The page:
Review: Californication - The Apartment
by Danny Gallagher, posted Nov 16th 2009 4:45AM
(S0308) "For someone who loves women so much, you sure don't understand them very well." - Jackie to Hank
Hank makes for an interesting character because there is never one single, solitary way of looking at him. Some people see this alcoholic horndog as a success while others look at his cavalier exterior and think of him as an utter failure. He's certainly one of the most complex characters on television for a guy who has one thing on his mind, two depending on how much booze is in the house.
So naturally all of his bad decisions and mistakes will come back to haunt him, and this week, he got hit with them all at once in a bizarre clusterf#$% of sheer craziness. It's as if a tornado of tail just leveled Hank's house and life in the process.
All of Hank's current and never-ending flings happened to meet at his house, along with all of the unattended baggage that he usually neglects. Jackie, the student stripper, continues to cling to Hank like a dingo finding a helpless baby. Jill is more in love with Hank than ever since he gave her ex-fiance the biggest diss of all time. And Felicia, the Dean's wife, has finally made her feelings known for Hank after he keeps her from making the biggest mistake of her life with the hack writer who's probably still crying in his cup of "word tea."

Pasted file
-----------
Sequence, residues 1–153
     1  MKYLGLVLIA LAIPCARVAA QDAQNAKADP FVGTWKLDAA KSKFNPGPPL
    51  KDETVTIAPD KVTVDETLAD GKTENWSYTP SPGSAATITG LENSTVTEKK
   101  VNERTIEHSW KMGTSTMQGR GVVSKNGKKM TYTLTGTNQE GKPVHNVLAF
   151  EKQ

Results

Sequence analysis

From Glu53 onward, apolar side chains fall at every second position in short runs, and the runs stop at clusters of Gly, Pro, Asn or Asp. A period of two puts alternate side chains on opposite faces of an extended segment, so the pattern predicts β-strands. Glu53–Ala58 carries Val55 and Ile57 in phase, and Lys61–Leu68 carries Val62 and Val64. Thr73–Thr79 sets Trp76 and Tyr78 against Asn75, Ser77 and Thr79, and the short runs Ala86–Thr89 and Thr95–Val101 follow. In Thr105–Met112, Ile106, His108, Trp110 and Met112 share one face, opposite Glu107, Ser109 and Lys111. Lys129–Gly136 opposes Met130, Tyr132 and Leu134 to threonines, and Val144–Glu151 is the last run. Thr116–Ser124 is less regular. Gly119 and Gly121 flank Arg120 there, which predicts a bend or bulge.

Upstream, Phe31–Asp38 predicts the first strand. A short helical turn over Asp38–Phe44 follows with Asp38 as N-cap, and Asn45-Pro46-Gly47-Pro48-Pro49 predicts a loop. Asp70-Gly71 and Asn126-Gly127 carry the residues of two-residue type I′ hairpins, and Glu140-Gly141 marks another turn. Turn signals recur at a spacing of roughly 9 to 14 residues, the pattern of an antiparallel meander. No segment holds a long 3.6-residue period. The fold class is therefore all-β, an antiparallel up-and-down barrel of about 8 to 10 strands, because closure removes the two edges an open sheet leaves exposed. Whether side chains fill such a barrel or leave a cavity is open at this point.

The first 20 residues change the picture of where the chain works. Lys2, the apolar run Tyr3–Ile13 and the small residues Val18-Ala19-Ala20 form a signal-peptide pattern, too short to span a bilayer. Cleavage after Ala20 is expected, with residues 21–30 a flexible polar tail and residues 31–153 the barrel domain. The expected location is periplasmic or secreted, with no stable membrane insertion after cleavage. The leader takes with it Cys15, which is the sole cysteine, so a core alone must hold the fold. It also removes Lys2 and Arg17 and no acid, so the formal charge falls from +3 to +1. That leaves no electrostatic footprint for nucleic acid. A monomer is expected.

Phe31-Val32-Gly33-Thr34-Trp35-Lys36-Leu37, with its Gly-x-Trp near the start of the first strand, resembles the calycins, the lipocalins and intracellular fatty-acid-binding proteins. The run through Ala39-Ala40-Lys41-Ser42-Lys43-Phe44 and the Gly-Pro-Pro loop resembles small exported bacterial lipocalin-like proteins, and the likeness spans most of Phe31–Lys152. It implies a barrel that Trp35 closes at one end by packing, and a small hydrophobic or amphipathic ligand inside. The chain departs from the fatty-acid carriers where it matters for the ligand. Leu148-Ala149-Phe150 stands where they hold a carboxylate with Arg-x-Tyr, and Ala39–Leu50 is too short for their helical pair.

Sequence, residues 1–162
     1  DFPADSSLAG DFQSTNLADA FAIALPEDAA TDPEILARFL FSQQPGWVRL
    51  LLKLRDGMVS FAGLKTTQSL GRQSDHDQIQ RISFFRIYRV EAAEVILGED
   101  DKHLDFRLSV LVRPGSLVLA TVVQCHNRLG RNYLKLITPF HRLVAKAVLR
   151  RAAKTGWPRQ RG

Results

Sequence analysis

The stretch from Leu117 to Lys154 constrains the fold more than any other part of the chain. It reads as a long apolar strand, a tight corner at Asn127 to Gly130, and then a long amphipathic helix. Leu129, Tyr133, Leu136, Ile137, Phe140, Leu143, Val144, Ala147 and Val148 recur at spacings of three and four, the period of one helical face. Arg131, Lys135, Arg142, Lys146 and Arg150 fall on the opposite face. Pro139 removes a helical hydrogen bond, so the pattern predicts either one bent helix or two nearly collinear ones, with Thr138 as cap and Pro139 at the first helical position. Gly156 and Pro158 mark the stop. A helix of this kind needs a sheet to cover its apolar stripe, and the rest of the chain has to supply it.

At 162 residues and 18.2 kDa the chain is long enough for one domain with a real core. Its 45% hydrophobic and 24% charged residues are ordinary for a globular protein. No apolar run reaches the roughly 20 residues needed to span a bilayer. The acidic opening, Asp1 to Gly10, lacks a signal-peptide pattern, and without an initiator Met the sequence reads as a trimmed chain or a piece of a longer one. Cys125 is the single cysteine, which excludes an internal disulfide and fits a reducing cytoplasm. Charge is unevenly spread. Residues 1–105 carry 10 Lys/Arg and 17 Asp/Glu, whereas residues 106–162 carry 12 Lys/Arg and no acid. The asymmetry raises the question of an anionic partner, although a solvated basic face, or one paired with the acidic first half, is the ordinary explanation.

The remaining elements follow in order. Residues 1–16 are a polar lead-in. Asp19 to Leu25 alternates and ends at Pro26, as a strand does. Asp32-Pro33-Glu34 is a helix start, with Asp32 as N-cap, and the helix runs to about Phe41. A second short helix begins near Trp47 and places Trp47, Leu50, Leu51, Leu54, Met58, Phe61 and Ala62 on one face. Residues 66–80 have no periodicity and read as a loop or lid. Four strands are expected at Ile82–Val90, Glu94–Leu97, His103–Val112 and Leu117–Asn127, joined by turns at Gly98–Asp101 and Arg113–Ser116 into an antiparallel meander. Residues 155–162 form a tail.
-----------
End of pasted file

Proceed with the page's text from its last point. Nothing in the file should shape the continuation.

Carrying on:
These three women converge on Hank's home like a pack of starving hyenas, along with Charlie and the cartoon version of Rick Springfield and a gaggle of Jackie's stripper friends to celebrate her newfound freedom from shaking her moneymakers for a bigger bank account. Although some guy friends might call that party more of a wake.
Each of these people and what seems like everyone ever connected to them converge on the house and turn the whole place into a real time whirlwind of bad decisions. They slowly stuff the place until Hank is suffocating, and just when you think the room is completely full, someone else comes by to occupy a seat in Hank's theater of embarrassment. It's like that stateroom scene from the Marx Brothers' A Night at the Opera where people are being crammed one after the other into this tiny room until the whole place is just a glob of people, all with a different purpose. It was as funny as that, but with more tasty nudity.
Then as the whole mess draws to a close, we see Becca once again lost in the madness of her father's crazy life, sitting on the living room couch in her usual state of catatonic shock after standing up for her father against her rotten friend Chelsea. She doesn't take down her father or tell him anything he hasn't heard before or even thought about himself. She has learned to accept him for who he is, even though she has every right to be mad at him for the mistakes he continues to make. It was a very surprising and heartfelt moment for a show that pines most of its feelings and humor by scraping the depths of the perverts' dictionary.
[Watch clips of Californication at SlashControl.]